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Dutch firm leads fish oil-free aquafeed challenge

18 January 2019, at 7:19am

Four contestants have officially joined the race to replace the fish oil used in aquafeeds with fish-free omega-3 alternatives.

The F3 Fish Oil Challenge offers the company that sells the most “fish-free” fish oil for aquaculture by 31 August a $100,000 prize.

Microalgae can be a valuable source of omega-3 oils
Microalgae can be a valuable source of omega-3 oils

© Algared

The competitors consist of two Chinese firms – Guangdong Evergreen Feed Industry and Shen Zhen Alpha Feed – Netherlands-based Veramaris and the UK/US-based team Aquaculture Innovation/Qualitas Health. A combined total of 77,535 kilograms of F3 oil was sold by the contestants during the first sales period, which ran from 1 October to 31 December 2018. Veramaris is currently in the lead.

“We are excited by the global reach of the contestants in the F3 fish oil race,” said Kevin Fitzsimmons, F3 Challenge judge and professor at the University of Arizona. “These top-notch competitors will help move the industry toward more sustainable ingredients in fish feed.”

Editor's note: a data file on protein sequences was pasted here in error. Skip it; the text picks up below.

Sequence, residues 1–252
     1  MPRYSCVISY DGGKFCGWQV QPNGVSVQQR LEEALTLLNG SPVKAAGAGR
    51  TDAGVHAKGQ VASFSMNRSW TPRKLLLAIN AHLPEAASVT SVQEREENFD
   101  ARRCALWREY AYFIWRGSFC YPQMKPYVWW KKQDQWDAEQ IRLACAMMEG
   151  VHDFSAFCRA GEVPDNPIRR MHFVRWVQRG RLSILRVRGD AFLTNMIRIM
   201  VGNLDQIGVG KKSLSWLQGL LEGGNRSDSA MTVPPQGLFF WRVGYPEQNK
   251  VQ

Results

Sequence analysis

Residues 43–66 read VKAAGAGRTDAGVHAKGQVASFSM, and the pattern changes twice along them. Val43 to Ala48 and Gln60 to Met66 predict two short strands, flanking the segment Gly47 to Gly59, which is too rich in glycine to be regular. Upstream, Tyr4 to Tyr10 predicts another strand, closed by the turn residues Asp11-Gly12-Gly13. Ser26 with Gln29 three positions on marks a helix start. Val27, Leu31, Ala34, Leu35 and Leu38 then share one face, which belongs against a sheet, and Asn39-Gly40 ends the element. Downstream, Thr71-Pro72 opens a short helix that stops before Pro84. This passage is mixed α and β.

The challenge is designed to help accelerate commercial-scale ingredients for aquaculture feed that meet the nutritional requirements of fish to produce healthy seafood for consumers without utilising wild-caught fish. The aquaculture industry is being held back by the availability of one key ingredient: fish oil, which provides important omega fatty acids necessary for animal and human nutrition.

Each year, an estimated 16 million tonnes of wild fish are caught exclusively for use in fish oil and fishmeal. Wild-caught fish are currently the major source of omega-3 and contain DHA, EPA and ARA – essential fatty acids needed to grow farmed-raised fish. Without alternative marine animal-free oil sources, the world’s oceans will not be able to keep up with the demand for fish to feed the growing world population, which could result in major supply chain disruptions in the multi-billion dollar aquaculture industry.

The University of Arizona, University of Massachusetts Boston, Synbiobeta, Anthropocene Institute, Dawson Family Fund, Sustainable Ocean Alliance, The Nature Conservancy, The Campbell Foundation, Tides Foundation and The National Renderers Association are sponsors of the crowdfunded prize.

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